Researchers evaluate tau phosphorylation related targets for Alzheimer’s research
Scientists in Moscow have extended the reach of QSP modelling by applying it to tau phosphorylation to better understand Alzheimer’s disease (AD) progression.
InSysBio continues to investigate the mechanisms underlying Alzheimer’s disease (AD) using the quantitative systems pharmacology (QSP) modelling approach. Their research utilising the QSP model to describe the tau protein has now been published, which totals more than a dozen of the company’s publications in the AD area over the last seven years.
Despite a lack of clear understanding regarding what drives AD progression, the main hypotheses of the pathology are based on amyloid beta plaques or tau protein aggregation.
Tau protein in AD patients
Tau protein (or MAPT, microtubule-associated protein tau) stabilises the cytoskeleton in normal cells, but it doesn’t function properly in the neurons of AD patients. Instead, it undergoes hyperphosphorylation and aggregates into neurofibrillary tangles within neurons. Normally, only some of the numerous phosphorylation sites of the protein are phosphorylated; therefore, drugs for the tauopathies treatment could target pathological tau phosphorylation.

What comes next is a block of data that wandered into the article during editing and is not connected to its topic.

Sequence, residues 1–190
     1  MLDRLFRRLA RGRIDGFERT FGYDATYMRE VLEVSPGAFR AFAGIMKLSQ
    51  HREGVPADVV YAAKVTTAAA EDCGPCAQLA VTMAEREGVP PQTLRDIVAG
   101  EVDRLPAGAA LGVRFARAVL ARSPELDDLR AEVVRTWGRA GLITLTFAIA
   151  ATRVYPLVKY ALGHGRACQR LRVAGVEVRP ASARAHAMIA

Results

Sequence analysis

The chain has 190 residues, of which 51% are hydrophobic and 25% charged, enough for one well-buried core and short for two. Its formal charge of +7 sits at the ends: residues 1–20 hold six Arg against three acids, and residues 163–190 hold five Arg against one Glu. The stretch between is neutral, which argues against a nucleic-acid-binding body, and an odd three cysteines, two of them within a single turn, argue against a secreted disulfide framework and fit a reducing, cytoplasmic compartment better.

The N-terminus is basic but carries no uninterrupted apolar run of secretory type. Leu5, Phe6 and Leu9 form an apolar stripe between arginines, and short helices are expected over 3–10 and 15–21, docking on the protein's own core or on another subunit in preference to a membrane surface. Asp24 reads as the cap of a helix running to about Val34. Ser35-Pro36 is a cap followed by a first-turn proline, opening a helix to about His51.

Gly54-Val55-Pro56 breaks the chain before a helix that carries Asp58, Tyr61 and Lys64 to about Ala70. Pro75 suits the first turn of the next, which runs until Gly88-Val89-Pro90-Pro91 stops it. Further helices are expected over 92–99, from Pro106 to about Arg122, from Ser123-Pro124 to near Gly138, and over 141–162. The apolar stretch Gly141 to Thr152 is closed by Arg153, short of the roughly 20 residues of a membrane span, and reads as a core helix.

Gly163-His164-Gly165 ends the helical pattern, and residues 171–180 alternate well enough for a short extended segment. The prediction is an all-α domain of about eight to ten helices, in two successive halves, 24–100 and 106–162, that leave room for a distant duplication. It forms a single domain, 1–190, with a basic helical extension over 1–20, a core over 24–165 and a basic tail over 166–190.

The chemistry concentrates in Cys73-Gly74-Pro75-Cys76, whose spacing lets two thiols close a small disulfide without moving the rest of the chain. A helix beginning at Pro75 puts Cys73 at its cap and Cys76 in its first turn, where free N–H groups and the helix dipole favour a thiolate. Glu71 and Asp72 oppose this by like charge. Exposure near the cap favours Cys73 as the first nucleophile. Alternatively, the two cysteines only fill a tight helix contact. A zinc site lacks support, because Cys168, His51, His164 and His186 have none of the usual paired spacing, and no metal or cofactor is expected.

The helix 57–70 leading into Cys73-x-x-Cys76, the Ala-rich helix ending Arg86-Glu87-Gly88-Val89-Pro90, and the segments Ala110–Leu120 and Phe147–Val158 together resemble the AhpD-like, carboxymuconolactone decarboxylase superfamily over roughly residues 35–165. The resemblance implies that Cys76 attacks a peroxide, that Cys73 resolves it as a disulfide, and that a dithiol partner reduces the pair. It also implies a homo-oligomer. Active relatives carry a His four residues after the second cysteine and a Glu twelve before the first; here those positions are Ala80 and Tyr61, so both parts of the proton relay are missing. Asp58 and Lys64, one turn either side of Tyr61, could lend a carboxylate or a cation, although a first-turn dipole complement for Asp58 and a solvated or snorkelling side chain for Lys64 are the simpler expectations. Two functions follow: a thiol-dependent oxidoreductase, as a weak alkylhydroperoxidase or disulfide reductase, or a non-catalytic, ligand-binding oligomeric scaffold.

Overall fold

Different phosphorylation states contribute to different degrees in the pathology, so understanding the relative contribution of each kinase and phosphatase to phosphorylation of distinct sites is important for searching the principal drug targets. This was the main aim of the research.
If a protein has n phosphorylation sites, then there are 2n possible phosphorylation states. Furthermore, the sequence of protein phosphorylation and dephosphorylation processes is regulated in a complicated way. The model developers assumed that phosphorylation of distinct sites is partially independent, which enabled the combinatorial explosion problem to be overcome.
Four kinases (GSK3β, PKA, CDK5 and p38γ) and one phosphatase (PP2A) were selected from the plurality of tau (de)phosphorylating enzymes. Ten phosphorylation sites of specific interest for the clinical research were selected from a few dozen potentially phosphorylable sites of tau protein. This selection was based on the published experimental data. The modellers also incorporated so-called pseudoresidue, which described phosphorylation sites aside from the ten described above.
This represents the first effort of estimation of tau protein state sensitivity to key enzymes using real kinetic data.
Commenting on the value of their research with respect to AD progression, Alexander Stepanov, the leading article contributor, said: “We’ve taken the first step in understanding of (de)phosphorylation patterns of each tau protein residue by different enzymes. Our model may suggest the role each tau kinase or phosphatase plays in AD pathogenesis, as well as the most potent targets for its treatment,”.
“The published model is another brick in the integrated QSP model, now developed in InSysBio, that may help to find the treatment for AD,” said Tatiana Karelina, PhD, Head of the Neurodegenerative Diseases modelling group at InSysBio.
The research was published in the PLOS ONE journal.